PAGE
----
Soy (soya) is a pivotal part of the world’s food system. High in protein, soy has transcended its Asian origins to become the most widely grown legume across the globe. Cultivated for well over 9,000 years, soy was regarded by the ancient Chinese as a necessity for life. It was eaten as a source of protein and crushed for its oil, which now accounts for a large proportion of global vegetable oil consumption.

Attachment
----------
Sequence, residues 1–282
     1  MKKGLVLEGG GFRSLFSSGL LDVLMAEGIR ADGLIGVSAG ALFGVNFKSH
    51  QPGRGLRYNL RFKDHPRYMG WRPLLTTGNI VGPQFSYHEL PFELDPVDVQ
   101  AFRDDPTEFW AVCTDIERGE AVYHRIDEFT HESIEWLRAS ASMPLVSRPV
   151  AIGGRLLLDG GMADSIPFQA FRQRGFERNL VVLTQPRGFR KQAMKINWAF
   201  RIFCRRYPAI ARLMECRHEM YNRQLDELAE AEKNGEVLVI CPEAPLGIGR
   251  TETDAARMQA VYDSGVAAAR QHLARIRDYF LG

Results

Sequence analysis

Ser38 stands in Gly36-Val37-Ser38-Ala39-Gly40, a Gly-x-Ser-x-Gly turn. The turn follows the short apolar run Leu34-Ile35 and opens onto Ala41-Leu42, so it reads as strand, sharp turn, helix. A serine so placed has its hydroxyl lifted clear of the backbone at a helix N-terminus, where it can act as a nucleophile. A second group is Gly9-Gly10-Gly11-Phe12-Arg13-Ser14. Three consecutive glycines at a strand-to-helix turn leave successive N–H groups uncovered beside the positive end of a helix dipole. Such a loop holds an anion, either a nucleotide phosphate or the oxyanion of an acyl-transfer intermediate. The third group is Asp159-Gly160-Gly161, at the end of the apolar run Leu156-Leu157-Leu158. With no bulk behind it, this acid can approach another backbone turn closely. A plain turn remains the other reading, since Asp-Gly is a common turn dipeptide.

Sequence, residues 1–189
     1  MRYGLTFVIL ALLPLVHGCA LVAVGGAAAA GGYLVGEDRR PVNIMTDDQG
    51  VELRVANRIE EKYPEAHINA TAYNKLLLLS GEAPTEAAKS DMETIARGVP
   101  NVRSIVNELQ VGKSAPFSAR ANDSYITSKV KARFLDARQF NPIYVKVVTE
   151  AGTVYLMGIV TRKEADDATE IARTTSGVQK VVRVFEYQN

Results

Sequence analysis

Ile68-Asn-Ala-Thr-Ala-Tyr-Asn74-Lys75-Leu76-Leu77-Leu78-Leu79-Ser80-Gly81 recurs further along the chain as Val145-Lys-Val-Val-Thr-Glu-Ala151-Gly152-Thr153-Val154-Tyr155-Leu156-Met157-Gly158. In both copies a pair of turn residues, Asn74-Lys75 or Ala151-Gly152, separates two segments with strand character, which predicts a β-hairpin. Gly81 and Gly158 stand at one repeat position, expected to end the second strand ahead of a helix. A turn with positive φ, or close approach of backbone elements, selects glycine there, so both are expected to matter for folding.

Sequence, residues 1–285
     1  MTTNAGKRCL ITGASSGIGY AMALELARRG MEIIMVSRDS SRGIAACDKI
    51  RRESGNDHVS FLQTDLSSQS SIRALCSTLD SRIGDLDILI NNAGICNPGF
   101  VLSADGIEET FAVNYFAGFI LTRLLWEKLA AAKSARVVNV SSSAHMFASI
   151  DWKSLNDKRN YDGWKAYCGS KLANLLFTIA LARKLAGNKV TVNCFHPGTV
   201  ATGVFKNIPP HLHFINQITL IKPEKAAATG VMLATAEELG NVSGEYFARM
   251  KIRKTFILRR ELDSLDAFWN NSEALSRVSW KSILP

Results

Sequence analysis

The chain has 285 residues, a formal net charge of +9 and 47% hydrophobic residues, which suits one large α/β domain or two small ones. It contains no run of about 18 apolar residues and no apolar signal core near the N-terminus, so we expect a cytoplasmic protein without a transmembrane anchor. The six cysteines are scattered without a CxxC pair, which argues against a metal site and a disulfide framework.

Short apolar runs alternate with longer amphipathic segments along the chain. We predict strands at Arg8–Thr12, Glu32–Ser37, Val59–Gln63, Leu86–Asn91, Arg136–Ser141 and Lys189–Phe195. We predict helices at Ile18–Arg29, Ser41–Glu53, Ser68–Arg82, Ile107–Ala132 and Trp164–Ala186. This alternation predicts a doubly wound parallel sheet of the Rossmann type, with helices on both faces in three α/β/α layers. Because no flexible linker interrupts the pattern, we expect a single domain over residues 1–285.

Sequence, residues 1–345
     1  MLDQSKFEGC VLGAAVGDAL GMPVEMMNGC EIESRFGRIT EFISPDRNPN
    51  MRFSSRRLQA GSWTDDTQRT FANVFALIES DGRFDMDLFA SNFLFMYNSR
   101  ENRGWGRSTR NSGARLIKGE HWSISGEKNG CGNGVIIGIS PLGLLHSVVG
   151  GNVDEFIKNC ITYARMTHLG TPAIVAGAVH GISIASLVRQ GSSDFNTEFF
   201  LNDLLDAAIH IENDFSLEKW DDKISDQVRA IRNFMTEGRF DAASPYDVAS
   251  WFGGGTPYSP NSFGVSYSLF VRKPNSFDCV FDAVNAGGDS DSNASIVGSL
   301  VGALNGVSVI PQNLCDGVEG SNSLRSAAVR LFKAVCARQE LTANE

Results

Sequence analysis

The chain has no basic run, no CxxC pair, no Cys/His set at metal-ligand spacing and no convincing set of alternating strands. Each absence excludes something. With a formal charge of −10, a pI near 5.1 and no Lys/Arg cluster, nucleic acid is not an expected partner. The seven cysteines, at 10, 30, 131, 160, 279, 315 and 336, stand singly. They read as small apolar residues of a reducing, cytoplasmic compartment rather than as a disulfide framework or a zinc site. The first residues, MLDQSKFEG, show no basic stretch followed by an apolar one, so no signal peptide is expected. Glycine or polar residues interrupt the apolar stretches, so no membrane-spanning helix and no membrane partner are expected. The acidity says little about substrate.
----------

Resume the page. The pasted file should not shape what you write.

Soy’s nutritional value makes it an undoubtedly powerful food. Raw soy beans contain 38 grams of protein per 100 grams, which is similar to pork and three times more than an egg. In fact, soy – which delivers more protein per hectare than any other crop – also contains vitamin K and B in addition to significant amounts of iron, manganese, phosphorus, copper, potassium, magnesium, zinc, selenium and calcium. Nutrient-packed soy comes in a variety of products and formats including Tofu, soy milk, miso, tempeh and edamame.